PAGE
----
William Keith (colonial governor)

William Keith (colonial governor)

William Keith (1669-1749) was a lieutenant-governor of colonial Pennsylvania and Delaware.

Keith was born in Boddam Castle near Peterhead, Scotland to Sir William Keith, Baronet, of Ludquhairn, Scotland and Lady Jean (Smith) Keith. He was baptised on February 16, 1680. [ [http://www.ushistory.org/graeme/people/williamkeith.htm Graeme Park People: Sir William Keith ] ] As eldest son, he stood to inherit the baronetcy from his father. He studied at Marischal College, the University of Aberdeen from which he graduated a master of arts in 1687. The Keiths were Anglican and of Jacobite sympathies, so much so that Keith resided with the exiled court of the Pretender, at Saint-Germain-en-Laye near Paris and there became one of the Pretender's favourites.

Upon Queen Anne's accession to the throne in 1702, an act of indemnity was issued for former Jacobites, and many exiles returned to Great Britain. Keith was among these people, but quickly became involved in various Jacobite intrigues. In 1703, he was arrested under suspicion of treason.

Under the rule of the Tories, Keith received an appointment as surveyor-general of the customers for the southern district of North American in 1714 and took up residence in Virginia. However, he lost his office when the Whigs took power under George I. Around this same time, Keith's father because implicated in the 1715 Jacobite uprising and fled to Saint-Germain-en-Laye. Keith applied for a position as lieutenant governor of Pennsylvania and its three lower counties (now Delaware). He voyaged to England and returned to America with a commission.

While serving as lieutenant governor, Keith resided in a country manor, Graeme Park in Horsham, Montgomery County, Pennsylvania. Popular with the colonists, he organised a militia (no small feat in a Quaker colony) and established a high court of chancery. He also arranged peace conferences with the Indians and promoted laws allowing wives of sailors at sea to become femme sole traders. He also is noted for encouraging a then 17-year-old Benjamin Franklin to set up his own printing business in Philadelphia, though Franklin later claimed that Keith failed to come through with promised financial support.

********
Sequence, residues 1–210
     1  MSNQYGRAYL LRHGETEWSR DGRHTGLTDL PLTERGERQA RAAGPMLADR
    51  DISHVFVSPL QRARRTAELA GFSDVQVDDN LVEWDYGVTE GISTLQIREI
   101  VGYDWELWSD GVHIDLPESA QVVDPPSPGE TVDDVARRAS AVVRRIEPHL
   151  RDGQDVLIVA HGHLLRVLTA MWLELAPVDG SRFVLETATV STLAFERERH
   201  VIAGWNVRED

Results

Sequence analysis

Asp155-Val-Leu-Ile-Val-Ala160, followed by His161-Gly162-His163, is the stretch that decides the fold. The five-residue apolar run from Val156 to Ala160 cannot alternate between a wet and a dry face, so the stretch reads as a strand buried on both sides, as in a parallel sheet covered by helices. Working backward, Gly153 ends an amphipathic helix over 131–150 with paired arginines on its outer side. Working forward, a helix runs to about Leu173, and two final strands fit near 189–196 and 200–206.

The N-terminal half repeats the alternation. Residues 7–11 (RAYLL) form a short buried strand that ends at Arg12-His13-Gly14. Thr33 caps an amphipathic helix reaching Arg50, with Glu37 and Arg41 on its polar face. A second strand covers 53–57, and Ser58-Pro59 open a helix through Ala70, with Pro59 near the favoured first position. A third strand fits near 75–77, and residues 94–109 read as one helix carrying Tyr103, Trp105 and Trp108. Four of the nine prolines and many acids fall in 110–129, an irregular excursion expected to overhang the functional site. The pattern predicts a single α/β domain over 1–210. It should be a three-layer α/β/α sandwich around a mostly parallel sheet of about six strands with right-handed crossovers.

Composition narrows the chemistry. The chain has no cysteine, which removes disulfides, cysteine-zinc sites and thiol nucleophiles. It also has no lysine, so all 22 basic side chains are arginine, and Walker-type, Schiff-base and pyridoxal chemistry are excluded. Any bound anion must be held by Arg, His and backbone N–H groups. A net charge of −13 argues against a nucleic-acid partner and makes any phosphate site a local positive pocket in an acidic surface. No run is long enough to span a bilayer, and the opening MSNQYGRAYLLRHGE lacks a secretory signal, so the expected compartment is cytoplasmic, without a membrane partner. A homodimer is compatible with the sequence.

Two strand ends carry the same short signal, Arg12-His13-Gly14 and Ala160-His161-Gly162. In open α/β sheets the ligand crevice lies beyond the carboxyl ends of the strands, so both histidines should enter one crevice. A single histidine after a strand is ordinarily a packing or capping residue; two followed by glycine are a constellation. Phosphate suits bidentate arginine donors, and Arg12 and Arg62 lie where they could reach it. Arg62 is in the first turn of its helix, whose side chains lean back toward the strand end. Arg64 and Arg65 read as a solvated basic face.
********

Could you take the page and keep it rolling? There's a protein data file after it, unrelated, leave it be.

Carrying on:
In 1718, William Penn died and Keith became involved in disputes with Penn's widow regarding the conduct of the colony. He sought favour with the colonists and tried desperately to achieve popularity. Two years later, his father died, and he succeeded to his father's baronetcy. However, his father died insolvent and Keith too became mired in debt.

Penn's widow and heirs joined forces against Keith and sought the nomination of a new lieutenant-governor from the crown. Keith published a vindication and led an opposition party. He gained election to the assembly, but did not achieve the role of speaker which he sought. After re-election to the assembly the following year, he fled the colony and returned to England in order to evade his creditors. His family remained in Philadelphia.

On his voyage back to England, Keith wrote "A Short Discourse on the Present State of the Colonies in America with respect to the Interest of Great Britain," in which he warned of French encroachment on British colonial territory and proposed a stamp tax on colonists in order to finance standing armies. While in England, he gave assistance to the London Board of Trade in negotiating a treaty with the Cherokee and continued to write on colonial matters. His dire financial situation prevented him from returning to Pennsylvania to reunite with his family and he was unable to finance their passage to England.

Keith ended his life in financial ruin and spent time in debtor's prison. He died in the Old Bailey, London on 18 November, 1749.


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